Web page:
Wednesday30 July 2014

Concrete and Culture: A Material History by Adrian Forty

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Concrete and Culture: A Material History

Adrian Forty
Reaktion, 304pp HB, £27

Adrian Forty’s new history of concrete takes an admirably even-handed approach to a material that polarises opinion

At St Saviour’s Church in Eltham, south-east London, the leaflet that introduces the building to visitors makes a symptomatic slip. After seeing the brutal concrete exterior of NF Cachemaille-Day’s church, it tells you, people are usually surprised by the light and beautiful interior. Except, on the exterior, the material is brick — the bare concrete is all inside. What this reveals is the strength of a nearly unshakeable canard. Concrete means ugly, to the point where anything ugly is probably made of concrete.

Accordingly, those of us who might own up to being concrete fetishists are fully aware that we are considered odd. In architectural circles, the gradual rehabilitation of post-war architecture or the emergence of more or less chic forms of concrete minimalism might leave us feeling slightly less like pariahs, but a minority taste it remains. At the beginning of this book, Adrian Forty remarks on the baffled and hostile reactions he received when telling the uninitiated what he was writing a book about. This may or may not have had an influence on the book’s remarkably even-handed, informative and approachable tone.

A barely updated version of mud that performs prodigious feats of structural engineering

Construction worker on Unite d'Habitation, Marseilles, 1950.

Source: © Fondation Le Corbusier/ Lucien Herve

Construction worker on Unite d’Habitation, Marseilles, 1950.

For Forty, the most interesting thing about concrete is its status as, in reluctant exponent Frank Lloyd Wright’s words, a “mongrel material” — a (mostly) artificial substance that takes on the properties of primal slop, a symbol alternately of modernity and underdevelopment, a building material that can rely equally on the most unskilled and the most specialised labour, a barely updated version of mud that performs prodigious feats of structural engineering. The sheer diversity and complexity of its various uses, as described here, make an obvious mockery of the usual knee-jerk reactions; but Forty takes an equal glee in dismantling the attempts to make a system of architectural moralities out of a protean material.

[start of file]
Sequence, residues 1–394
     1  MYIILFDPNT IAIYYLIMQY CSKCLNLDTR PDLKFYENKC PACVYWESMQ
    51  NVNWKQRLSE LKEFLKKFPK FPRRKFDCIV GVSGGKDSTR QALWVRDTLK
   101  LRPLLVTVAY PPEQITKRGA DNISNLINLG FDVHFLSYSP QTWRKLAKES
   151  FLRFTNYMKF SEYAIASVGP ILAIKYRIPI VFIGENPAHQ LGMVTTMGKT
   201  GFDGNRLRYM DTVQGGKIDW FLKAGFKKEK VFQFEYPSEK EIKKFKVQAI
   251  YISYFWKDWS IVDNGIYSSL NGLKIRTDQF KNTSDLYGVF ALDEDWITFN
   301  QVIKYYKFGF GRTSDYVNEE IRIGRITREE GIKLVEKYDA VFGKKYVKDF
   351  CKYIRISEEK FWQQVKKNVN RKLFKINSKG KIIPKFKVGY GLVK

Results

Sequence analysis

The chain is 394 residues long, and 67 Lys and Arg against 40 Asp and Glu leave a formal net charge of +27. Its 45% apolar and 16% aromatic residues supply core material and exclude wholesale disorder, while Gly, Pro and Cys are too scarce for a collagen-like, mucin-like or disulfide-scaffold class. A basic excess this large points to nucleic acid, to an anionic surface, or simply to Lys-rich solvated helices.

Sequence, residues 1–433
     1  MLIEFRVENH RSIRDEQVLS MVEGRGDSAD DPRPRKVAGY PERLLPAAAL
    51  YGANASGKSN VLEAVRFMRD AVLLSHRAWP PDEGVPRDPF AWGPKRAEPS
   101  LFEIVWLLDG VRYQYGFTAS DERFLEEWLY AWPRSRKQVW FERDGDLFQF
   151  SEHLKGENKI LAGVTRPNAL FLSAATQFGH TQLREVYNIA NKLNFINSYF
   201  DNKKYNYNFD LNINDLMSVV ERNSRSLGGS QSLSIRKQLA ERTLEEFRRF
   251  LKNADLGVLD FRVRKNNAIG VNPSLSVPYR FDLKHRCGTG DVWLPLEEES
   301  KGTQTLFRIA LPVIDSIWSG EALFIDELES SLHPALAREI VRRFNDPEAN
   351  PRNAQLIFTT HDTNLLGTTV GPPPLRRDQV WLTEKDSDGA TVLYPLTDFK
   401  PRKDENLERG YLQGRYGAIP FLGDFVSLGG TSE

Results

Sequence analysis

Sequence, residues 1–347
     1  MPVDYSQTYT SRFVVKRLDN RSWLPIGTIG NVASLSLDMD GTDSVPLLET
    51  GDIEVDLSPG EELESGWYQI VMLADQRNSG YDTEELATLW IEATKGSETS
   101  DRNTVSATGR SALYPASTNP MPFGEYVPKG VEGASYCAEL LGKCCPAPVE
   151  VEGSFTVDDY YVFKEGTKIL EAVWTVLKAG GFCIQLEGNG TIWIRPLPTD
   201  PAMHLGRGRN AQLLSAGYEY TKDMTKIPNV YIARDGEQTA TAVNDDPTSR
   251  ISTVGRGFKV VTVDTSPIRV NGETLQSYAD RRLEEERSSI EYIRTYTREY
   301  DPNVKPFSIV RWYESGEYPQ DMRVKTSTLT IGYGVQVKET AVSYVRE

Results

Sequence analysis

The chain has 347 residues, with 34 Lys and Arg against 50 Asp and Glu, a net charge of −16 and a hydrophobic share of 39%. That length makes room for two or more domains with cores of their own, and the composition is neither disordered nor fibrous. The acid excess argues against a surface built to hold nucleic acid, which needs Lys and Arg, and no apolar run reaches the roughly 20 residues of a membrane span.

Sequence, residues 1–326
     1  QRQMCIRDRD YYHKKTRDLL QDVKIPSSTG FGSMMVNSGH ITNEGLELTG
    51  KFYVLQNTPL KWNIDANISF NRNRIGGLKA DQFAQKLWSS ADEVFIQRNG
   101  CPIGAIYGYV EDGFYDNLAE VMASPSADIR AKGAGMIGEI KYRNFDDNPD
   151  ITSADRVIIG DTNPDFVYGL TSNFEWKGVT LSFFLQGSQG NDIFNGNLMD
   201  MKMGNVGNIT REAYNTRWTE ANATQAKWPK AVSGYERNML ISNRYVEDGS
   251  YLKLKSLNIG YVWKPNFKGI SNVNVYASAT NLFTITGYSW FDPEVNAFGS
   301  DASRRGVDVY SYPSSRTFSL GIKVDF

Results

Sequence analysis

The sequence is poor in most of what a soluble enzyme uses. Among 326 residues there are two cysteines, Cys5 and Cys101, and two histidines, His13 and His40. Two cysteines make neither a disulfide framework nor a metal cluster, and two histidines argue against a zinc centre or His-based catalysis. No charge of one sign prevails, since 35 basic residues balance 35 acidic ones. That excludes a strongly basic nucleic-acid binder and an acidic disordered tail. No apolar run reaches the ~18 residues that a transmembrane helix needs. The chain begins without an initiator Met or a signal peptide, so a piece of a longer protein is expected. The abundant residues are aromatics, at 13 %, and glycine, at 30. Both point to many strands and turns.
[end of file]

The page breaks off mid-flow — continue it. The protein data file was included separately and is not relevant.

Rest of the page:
Even the most “truth to materials” approaches to concrete are, in his account, contrivances. The visible shuttering imprinted on the Unité d’Habitation or National Theatre is a marker of artifice — reinforced concrete presented as wood! — as much as the marks of the labour process. Accordingly, he shows an interest in architects that took a delinquent, even whimsical, approach to the material, from the eclecticism of 1950s Italy, unskilled work intersecting with the avant-garde in Brazil, or the obsessive, structurally wasteful play of shuttering in Caruso St John’s New Art Gallery.

Unite d'Habitation, Marseilles

Source: © Fondation Le Corbusier

Unite d’Habitation, Marseilles, formwork in place for first level, 1948.

Concrete and Culture is divided into thematic chapters, focusing on the material’s conjunctions with history, nature, religion, politics, photography, labour and labour relations, and its putative renaissance. Each is full of insights conveyed with a sharp political and architectural intelligence.

Entrance Hall, New Art Gallery, Walsall

Source: © Helene Binet

Entrance Hall, New Art Gallery, Walsall, architects Caruso St John, 1995-2000 Entrance Hall, New Art Gallery, Walsall, architects Caruso St John, 1995-2000

“Politics” is typical, focusing on the use of the material in post-war communist and social democratic building programmes. Forty details how Khrushchev’s attempt to solve the Soviet housing crisis, while leaving enough resources for the arms race, ended in an absurd literalism, with site, and suitability irrelevant to the mass production of identical blocks. Unusually, he slightly overstates this — by the eighties, Eastern Europe had become practically postmodern in its approach to concrete panels, making them Wilhelmine in Berlin or Islamic in Central Asia. This only supports the central argument, however — that finding truth or solidity in concrete is surprisingly difficult.

What remains constant, though, is its sense of mass and physicality, properties conspicuously lacking in contemporary design, renaissance or otherwise. In all its infelicities, it’s hard to imagine another material so emblematic of modernity’s contradictions and possibilities. It’s equally hard to imagine a better book on the subject.


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